February 22, 2007

Briffault/Hasen Amicus Brief in Wisconsin Right to Life Case

Richard Briffault and I (along with our co-counsel David Ettinger of Horvitz and Levy and Marty Lederman of Georgetown) have written this pro-bono amicus brief supporting the FEC and the congressional intervenors in the Wisconsin Right to Life case being heard by the Supreme Court on April 25.

Here is the introduction to the brief:

    This case involves yet another attack on the 60-year old requirement that corporations use separate segregated funds (or PACs), rather than treasury funds, to spend money in connection with federal elections. The Court has repeatedly addressed the PAC requirement, and has sustained its constitutionality, most recently three Terms ago in McConnell v. FEC, 540 U.S. 93, 203-11 (2003). The Court has done so not because election-related speech is entitled to less constitutional protection than other forms of political speech, but because, in the context of the election of public officials, legislatures and the Court have repeatedly recognized compelling justifications for regulations that might not be present, or as compelling, in other settings.

    At the same time, the Court has recognized that the Constitution sometimes requires the creation of as-applied exemptions from otherwise permissible campaign finance regulations. As-applied exemptions are appropriate, the Court has explained, when the burden on speech in a particular application significantly outweighs any effect the regulation may have in promoting electoral integrity and other compelling legislative objectives -- especially where a particular application of the law does not raise any of the concerns justifying regulation. Thus, for example, in Buckley v. Valeo, 424 U.S. 1 (1976), and Brown v. Socialist Workers '74 Campaign Comm., 459 U.S. 87 (1982), the Court created and applied an exemption from general -- and constitutionally sound -- campaign disclosure requirements for minor political parties that can demonstrate that disclosure of contributors' names would have an unusually severe chilling effect on the parties' and contributors' First Amendment activities. To similar effect, in FEC v. Mass. Citizens for Life, 479 U.S. 238, 260-61 (1986) (MCFL), the Court held that the First Amendment requires an exemption for certain nonprofit corporations from a corporate PAC requirement similar to that at issue here, because applying the requirement to such nonprofit corporations would not further the government interests underlying the requirement.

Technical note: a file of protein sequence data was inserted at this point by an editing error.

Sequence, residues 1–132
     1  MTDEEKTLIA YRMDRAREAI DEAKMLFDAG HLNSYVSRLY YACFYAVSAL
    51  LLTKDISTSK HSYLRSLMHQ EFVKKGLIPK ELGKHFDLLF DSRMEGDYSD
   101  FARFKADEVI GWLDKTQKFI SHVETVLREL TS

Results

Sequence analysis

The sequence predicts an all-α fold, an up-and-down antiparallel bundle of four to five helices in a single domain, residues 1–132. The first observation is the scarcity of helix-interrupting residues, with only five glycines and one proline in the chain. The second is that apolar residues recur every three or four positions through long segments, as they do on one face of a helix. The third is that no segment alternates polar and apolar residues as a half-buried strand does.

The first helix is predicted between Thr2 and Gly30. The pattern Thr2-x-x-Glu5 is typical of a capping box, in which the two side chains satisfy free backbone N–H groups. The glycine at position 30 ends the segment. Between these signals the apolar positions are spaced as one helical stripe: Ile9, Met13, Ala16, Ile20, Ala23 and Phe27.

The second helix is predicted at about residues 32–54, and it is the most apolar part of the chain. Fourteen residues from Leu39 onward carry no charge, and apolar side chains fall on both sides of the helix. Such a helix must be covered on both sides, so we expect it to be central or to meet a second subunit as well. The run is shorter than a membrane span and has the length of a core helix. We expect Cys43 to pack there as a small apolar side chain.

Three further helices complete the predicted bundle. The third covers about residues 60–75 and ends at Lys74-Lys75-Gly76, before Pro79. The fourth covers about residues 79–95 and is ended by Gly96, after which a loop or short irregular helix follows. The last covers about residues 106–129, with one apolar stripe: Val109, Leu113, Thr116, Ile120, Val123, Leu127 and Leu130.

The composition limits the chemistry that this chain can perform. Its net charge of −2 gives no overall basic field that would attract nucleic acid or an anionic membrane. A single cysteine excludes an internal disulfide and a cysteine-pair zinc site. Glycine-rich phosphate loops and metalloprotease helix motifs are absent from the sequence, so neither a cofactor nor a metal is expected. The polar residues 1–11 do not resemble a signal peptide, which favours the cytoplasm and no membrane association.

The Court should adopt a similar approach to as-applied exemptions in this case. The regulation in question here is a 2002 enactment, section 203 of the Bipartisan Campaign Reform Act of 2002, which was aimed at ending widespread evasions of the corporate PAC requirement. This case presents the question whether and under what circumstances the Constitution requires another exemption to the PAC requirement for corporations, beyond the exemption recognized in MCFL and in BCRA itself in section 204. We respectfully submit that any as-applied exemption ought to build on the principles for identifying such exemptions that the Court developed in Buckley, Brown, and MCFL.

    The district court below failed to follow the Court's guidance in these cases. It did not even attempt to tailor its proposed as-applied exemption to those advertisements that are unlikely to implicate the compelling government interests underlying section 203. Congress found, and the Court has agreed, that broadcast ads that name federal candidates in the immediate pre-election period almost invariably have an impact on voters' choices in the election. Yet the district court would exempt many of those ads from regulation. If upheld by the Court, the district court's test would thwart Congress's objectives and return us to the days immediately preceding BCRA, when corporations easily evaded the PAC requirement.

    We believe that a more appropriate test would exempt only those communications not implicating the governmental interests underlying the corporate PAC requirement. We propose that a corporation should be entitled to an as-applied exemption from the PAC requirement for electioneering communications only when it proves that an identifiable type of communication is unlikely to have any appreciable effect on voters' choices in the election. Following the approach Congress took in BCRA and the Court's analysis in McConnell, whether the corporation is entitled to an as-applied exemption for an ad must be based on a consideration of the context as well as the content of a broadcast advertisement.

    The Court's task in setting the balance between the proper scope of election regulation of corporations and the protection of corporate speech is a difficult one. Both Congress and the Court struggled with it, and BCRA and McConnell have struck a workable and proper balance. Any as-applied exemptions should not subvert that balance.

UPDATE: Unsurprisingly, Bob Bauer is not convinced.

Posted by Rick Hasen at February 22, 2007 03:51 PM